Does Espresso Wake You Up? Separating Facts from Fiction

You didn’t sleep well last night, and a long, hard day awaits you. What can you do to make it through?

If you are a coffee lover, you start your morning with a double shot of espresso coffee! Whether made at home or purchased at your favorite coffee shop, people rely on espresso’s reputation as a legendary eye-opener with high caffeine content.

But is that really true? Does espresso wake you up any better than other caffeinated beverages? And is drinking espresso to wake you up even healthy? To answer the pressing questions, let’s take a closer look at espresso and its caffeine content.

Does a shot of espresso give you energy?

If you’ve never had it, you may ask: “Will espresso wake me up, or is that just a myth?” It’s true — espresso gives you an energy boost due to its high caffeine content.

Ounce for ounce, espresso contains more caffeine than almost any other coffee drink, apart from some incredibly concentrated brews like ristretto. Caffeine is the stimulant responsible for the energy surge you feel after drinking espresso.

Caffeine consumption affects your nervous system in complex ways. Caffeine molecules closely resemble adenosine — a chemical responsible for making you feel sleepy. This allows caffeine molecules to attach to the adenosine receptors in your brain.

With caffeine taking its place, the sleep molecules can’t get into your brain and body to do their job. As a result, you will not feel tired.

woman drinking espresso

In addition, caffeinated drinks stimulate dopamine, adrenaline, and serotonin levels — perhaps you recognize them from science class. They form a potent chemical combo that makes us feel good, gets our hearts pumping faster, and increases our focus.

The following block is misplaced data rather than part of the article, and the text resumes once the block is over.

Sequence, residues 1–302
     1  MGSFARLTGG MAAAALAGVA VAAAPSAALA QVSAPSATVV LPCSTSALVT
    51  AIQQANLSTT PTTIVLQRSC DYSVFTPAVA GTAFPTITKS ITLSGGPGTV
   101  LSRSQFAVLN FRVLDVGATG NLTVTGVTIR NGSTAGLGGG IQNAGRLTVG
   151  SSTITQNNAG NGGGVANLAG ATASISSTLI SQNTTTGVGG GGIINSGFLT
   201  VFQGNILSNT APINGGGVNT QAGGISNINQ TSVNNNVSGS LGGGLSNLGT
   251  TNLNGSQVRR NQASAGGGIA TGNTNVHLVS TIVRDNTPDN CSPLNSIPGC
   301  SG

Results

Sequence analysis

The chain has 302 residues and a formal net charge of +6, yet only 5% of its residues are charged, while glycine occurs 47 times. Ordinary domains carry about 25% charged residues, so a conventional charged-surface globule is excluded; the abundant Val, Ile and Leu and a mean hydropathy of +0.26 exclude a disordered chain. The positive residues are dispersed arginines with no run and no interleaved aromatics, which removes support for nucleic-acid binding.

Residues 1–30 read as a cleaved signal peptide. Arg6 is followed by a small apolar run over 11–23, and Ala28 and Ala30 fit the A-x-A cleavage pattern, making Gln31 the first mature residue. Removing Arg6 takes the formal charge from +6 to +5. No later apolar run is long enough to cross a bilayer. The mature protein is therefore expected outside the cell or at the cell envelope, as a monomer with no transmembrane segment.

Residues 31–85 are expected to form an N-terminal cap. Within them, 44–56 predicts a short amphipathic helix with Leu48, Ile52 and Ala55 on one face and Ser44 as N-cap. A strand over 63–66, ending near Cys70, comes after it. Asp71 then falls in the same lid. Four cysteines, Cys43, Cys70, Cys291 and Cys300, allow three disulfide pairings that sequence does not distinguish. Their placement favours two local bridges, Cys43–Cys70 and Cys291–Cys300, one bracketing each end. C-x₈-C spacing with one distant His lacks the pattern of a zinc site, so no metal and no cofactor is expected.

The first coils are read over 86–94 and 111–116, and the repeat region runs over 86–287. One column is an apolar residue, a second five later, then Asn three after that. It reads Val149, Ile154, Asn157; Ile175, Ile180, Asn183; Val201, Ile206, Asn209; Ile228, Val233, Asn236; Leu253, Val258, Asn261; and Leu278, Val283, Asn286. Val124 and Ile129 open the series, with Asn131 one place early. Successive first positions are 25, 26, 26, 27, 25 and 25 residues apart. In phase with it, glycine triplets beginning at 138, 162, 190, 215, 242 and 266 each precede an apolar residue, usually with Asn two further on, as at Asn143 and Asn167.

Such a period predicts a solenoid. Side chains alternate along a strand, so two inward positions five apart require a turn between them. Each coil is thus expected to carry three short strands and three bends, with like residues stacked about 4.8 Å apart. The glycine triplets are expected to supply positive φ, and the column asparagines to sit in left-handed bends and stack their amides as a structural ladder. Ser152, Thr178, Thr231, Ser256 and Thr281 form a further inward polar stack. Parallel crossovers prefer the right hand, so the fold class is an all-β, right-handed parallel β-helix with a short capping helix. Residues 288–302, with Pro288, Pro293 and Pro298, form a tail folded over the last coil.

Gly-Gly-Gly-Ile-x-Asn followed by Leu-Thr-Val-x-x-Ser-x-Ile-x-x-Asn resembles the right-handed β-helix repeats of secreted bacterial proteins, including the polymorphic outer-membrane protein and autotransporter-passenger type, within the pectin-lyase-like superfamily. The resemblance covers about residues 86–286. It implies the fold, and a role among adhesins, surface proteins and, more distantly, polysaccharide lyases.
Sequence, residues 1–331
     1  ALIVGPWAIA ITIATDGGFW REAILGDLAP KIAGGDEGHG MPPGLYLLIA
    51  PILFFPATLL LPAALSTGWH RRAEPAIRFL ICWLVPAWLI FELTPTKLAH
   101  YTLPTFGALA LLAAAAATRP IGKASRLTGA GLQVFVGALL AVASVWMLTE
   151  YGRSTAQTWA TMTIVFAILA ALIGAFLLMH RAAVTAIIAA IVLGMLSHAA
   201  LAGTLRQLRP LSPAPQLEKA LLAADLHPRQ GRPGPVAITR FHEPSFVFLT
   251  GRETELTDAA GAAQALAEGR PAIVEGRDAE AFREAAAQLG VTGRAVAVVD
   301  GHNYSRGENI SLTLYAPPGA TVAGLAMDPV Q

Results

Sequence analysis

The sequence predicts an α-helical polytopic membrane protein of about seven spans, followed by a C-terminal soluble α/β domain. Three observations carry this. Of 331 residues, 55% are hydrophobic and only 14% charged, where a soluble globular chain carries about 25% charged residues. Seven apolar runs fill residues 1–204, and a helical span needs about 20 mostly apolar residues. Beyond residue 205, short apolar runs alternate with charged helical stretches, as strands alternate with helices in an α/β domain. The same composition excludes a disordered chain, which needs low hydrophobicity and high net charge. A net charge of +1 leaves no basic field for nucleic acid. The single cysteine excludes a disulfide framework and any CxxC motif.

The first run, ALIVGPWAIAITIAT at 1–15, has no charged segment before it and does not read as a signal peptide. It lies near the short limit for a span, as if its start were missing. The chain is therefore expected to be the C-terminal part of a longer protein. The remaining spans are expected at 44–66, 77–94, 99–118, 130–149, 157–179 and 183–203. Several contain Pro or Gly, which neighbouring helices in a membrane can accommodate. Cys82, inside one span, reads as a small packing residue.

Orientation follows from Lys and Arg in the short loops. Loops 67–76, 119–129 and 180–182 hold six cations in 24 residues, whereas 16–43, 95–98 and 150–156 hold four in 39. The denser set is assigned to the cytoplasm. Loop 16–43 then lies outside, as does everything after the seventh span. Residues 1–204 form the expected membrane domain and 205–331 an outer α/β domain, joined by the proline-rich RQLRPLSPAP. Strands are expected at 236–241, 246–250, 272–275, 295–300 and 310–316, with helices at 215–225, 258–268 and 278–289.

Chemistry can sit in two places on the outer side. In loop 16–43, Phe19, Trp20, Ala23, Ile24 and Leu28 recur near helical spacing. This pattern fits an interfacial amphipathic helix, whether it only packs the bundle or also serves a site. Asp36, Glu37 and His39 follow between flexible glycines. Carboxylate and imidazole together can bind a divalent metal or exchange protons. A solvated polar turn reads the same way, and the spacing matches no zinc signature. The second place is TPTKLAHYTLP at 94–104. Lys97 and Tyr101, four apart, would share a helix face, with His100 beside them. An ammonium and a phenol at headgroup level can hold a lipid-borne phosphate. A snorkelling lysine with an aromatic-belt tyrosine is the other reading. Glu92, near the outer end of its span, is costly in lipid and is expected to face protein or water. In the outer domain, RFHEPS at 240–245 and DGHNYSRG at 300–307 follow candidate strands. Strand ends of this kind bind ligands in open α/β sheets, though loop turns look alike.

Thanks to all this chemical activity, an espresso shot can boost memory, increase alertness, improve concentration, and help regulate the metabolism.

However, this is not a “natural” state for the brain. It needs adenosine to rest, so over time, your brain will grow more receptors to catch the sleep chemicals.

This is why you eventually end up having to consume much more caffeine to get the same energy boost. Consequently, heavy espresso drinkers might abandon espresso for strong caffeine pills or specialized energy drinks — a shot of espresso doesn’t work for them anymore.

woman yawning with espresso cup on the table

How many espresso shots will wake you up?

Does a shot of espresso wake you up? Or will you have to double or even triple down on it?

On average, a double shot is enough to keep espresso drinkers awake. But why does a double espresso wake you up?

It all comes down to the amount of caffeine you ingest. Most people require 100mg to 200mg of caffeine to boost their energy levels.

There are roughly 64mg of caffeine in a single serving of espresso. The caffeine can vary slightly depending on the variety of coffee beans, how they are roasted, and how finely ground espresso beans the barista uses.